Page 305 see also Independent practice associations Health planning cost-containment effects of, 35-36, 40 employer support for, 41 High-cost case management administrative aspects of, 133, 139 basic process, 3, 123-130 case manager responsibilities, 121-122, 126, 128-130, 139, 140, 280-281 confidentiality concerns, 132, 139 n.6 cost-effectiveness judgments in, 5, 66, 149 costs of, 130 definition of, 19, 119 denial rates, 145 employee awareness of, 127 employer support for, 41, 133-134 enrollee preceptions of, 132-133 evaluation of, 134-138 exceptions to limitations in benefit contracts, 19-20, 122 focus and characteristics of, 3, 19, 120-122, 134, 145 freestanding programs, 123-124 growth of, 119 hypothetical case summaries, 123, 125-126 identification and screening of cases, 68-69, 123, 126, 127-128, 137-139, 148 impact of, 4, 130-131, 146 improvements in, 138-139 legal issues in, 140-141 measures of, 135-136 of Medicare patients, 138 negative aspects of, 132-133 number of patients in programs, 137 objectives of, 122-123 on-site, 129 operational variations in, 123-127 positive aspects of, 132, 133, 141-142 protocol standardization, 139, 148 provider effects, 133 purchaser effects, 133-134 purchaser's role in, 122-123 and quality of care, 133, 134 savings opportunities with, 121-122, 131 sources of, 122 team approach to, 128 utilization management categories applying to, 123-124 Hill-Burton program, 30, 35 Home care, 135, 136, 138, 141 Hospitalization criteria for determining need for, 79-81, 104 for diagnostic purposes, 171 effects of utilization management on use and costs of, 3-4 elective, 3 emergency admissions, 3, 108 HMO rates, 44 length-of-stay norms, 81-83 prior to day of surgery, 79 versus outpatient care, 93-94 Hospitals attitudes on high-cost case management, 133 diversification by, 106 incentive payments to physicians, 47 multihospital systems, 50 occupancy rates, 106 physician relations with, 106 preadmission checks on insurance coverage, 70 responsibilities on utilization management, 155-156 third-party-payer relationships with, 106-108 unnecessary ancillary services, 45-46 utilization management by, 64-65, 106; see also Discharge planning Hysterectomy, 46, 88 I Independent practice associations (IPAs) financial incentives in, 224-225, 226, 241 management information system in, 241 model for, 35, 37 operational responsibilities of, 212-213 peer review in, 216, 222 physician contracting arrangements with, 217 physician selection by, 215, 218-219 physician-sponsored, 240-243 quality assurance in, 216, 218 utilization management procedures, 51, 59, 217-218, 242 Information resources, on cost and use of health services, 47-48 International Medical Centers Inc., 205 Intracorp, 131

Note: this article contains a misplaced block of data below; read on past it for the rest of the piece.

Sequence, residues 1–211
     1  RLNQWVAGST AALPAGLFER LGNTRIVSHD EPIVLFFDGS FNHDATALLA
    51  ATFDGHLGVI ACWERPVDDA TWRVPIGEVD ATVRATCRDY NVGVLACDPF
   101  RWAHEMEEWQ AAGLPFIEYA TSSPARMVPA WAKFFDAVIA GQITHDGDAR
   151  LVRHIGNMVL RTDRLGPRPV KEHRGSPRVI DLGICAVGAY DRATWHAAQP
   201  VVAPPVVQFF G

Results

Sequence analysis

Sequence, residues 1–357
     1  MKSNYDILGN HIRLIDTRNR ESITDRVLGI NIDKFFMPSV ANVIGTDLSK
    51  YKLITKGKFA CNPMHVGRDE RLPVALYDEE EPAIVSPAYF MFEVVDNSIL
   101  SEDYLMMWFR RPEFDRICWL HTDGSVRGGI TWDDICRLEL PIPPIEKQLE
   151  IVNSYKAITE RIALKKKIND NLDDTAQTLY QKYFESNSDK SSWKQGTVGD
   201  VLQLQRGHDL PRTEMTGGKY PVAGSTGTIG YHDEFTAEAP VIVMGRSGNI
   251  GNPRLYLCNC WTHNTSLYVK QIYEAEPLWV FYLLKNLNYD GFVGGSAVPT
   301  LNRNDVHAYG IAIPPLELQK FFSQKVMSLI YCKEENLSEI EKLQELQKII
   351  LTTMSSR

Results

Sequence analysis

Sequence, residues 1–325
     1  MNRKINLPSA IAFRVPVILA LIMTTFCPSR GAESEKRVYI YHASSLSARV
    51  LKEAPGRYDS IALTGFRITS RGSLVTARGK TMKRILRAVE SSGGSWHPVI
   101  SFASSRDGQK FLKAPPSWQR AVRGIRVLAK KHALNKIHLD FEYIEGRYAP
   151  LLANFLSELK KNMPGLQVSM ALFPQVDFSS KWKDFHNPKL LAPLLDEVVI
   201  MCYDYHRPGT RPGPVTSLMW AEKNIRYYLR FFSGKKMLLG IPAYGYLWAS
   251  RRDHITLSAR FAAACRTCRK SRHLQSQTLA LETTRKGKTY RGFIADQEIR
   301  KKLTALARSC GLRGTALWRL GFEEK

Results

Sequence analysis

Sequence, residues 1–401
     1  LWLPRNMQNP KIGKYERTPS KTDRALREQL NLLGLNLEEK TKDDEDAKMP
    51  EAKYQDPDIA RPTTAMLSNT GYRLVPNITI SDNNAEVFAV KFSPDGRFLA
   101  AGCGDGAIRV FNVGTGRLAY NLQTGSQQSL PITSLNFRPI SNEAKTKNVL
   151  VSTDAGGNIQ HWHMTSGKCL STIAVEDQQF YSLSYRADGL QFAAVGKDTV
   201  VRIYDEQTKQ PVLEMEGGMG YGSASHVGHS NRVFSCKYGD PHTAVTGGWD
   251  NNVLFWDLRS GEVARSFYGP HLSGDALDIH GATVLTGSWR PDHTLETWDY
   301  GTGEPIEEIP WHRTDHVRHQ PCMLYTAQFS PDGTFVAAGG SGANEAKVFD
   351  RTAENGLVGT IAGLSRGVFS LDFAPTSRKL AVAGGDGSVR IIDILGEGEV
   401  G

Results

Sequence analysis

OCR for page 301